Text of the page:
The University of Pennsylvania’s Hill College House, the only Philadelphia-based project of noted Finnish-American architect Eero Saarinen, is ready for its close-up—again.
Hill College House was designed in 1958 by Saarinen, who at that point had already designed the Gateway Arch in St. Louis, Missouri. When it was built in 1960, it was the university’s first women’s-only dorm, which made for some interesting architectural choices by Saarinen that remain iconic to this day.
“He designed a brick, dark, and forbidding exterior with an immediate contrast once you step inside,” said project manager Alison Baxter, of Mills + Schnoering Architects (M+Sa).
As an effort to keep the students safe, Saarinen surrounded the building with a dry moat and designed a drawbridge to the entrance. The roof was lined with curved spikes, and landscape architect Dan Kiley planted a variety of honey locust trees that have thorns.
As a result of its foreboding exterior, one might assume that the interiors are just as drab. But the Hill College House was one of Penn’s first dormitories to take on the “college house” plan, which emphasizes small living spaces, but big community areas that encourage student collaboration and a social atmosphere.
This is is immediately apparent once behind the front doors, when Saarinen’s dramatic atrium comes into full view. “It’s a self-protected village with a piazza space,” explained Baxter.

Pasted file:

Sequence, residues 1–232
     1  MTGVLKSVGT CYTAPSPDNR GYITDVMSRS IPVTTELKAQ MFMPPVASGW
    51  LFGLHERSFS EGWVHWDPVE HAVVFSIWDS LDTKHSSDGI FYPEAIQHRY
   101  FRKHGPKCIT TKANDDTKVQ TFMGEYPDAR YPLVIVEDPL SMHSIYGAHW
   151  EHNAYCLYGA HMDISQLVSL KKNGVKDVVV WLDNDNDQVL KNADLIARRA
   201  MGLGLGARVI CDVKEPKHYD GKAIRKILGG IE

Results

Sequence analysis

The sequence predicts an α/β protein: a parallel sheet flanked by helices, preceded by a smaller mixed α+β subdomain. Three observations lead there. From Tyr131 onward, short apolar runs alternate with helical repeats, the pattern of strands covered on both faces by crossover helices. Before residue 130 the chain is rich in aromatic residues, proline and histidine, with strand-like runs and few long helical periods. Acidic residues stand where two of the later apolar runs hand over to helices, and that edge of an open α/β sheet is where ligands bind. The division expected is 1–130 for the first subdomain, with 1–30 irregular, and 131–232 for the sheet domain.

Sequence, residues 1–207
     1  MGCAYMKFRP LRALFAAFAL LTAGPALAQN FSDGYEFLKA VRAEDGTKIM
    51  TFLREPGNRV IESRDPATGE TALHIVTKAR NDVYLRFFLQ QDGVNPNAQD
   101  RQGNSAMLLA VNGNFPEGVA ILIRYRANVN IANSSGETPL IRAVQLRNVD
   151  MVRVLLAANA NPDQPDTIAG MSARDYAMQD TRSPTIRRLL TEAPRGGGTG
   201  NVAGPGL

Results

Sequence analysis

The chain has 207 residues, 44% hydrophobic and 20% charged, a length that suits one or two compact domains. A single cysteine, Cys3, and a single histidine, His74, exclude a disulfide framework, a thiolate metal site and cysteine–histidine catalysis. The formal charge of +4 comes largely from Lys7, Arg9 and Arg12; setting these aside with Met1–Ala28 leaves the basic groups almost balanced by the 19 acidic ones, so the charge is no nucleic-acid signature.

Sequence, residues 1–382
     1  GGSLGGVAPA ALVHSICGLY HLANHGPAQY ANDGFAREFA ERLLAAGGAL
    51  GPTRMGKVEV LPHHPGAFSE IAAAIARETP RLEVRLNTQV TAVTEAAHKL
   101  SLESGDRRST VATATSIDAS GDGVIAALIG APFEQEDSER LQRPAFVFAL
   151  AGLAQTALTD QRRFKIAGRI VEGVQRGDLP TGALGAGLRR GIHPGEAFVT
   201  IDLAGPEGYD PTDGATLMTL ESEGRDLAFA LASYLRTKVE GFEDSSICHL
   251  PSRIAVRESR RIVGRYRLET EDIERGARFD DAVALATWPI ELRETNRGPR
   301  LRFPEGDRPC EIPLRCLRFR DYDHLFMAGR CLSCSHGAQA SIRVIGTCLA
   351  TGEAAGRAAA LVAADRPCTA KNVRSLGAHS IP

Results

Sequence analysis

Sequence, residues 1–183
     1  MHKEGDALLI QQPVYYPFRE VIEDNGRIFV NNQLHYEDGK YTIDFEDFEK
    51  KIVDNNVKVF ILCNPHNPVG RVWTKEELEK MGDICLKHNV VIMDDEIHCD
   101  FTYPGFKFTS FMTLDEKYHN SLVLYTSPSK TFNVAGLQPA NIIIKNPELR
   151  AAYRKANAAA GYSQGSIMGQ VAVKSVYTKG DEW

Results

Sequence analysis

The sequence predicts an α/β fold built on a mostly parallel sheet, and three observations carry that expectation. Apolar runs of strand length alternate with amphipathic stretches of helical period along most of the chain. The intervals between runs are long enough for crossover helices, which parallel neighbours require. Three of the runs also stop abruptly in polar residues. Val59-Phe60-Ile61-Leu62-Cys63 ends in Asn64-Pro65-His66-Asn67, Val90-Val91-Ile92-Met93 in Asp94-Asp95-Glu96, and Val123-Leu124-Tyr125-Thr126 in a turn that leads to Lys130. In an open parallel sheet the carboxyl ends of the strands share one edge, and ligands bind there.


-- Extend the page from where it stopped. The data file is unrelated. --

Although the interiors may look untouched, M+Sa made plenty of changes to the space, from replacing the original window shutters that close off the lounge areas to installing LED bulbs into the theater lights that line the ceiling (the building is aiming for LEED Gold certification). Colorful midcentury modern furniture—many of which use the same fabric swatches that Saarinen originally chose—were also added to the space to promote more student engagement.
Other deft fixes were incorporated to help accommodate the at times disorienting floor plan. MS+A painted the student dorm doors, staircases, hallways in bold colors—simplified versions of Saarinen’s color palette.
In addition to refurbishing more than 400 windows, perhaps one of the biggest improvements to the building is the expansion of the dining facilities on the bottom level by 50 percent.
But for the 500 freshmen who will move into their renovated college house later this month, the most-welcomed improvement to the building will be cooler dorms. Said Anne Papageorge, Penn’s Vice President for Facilities and Real Estate Services, “They’ll be happy to know that the building is now fully-equipped with AC.”
- Penn’s Eero Saarinen-designed dorm to re-open in August [Curbed Philly]
- Philly’s 11 most iconic modern buildings [Curbed Philly]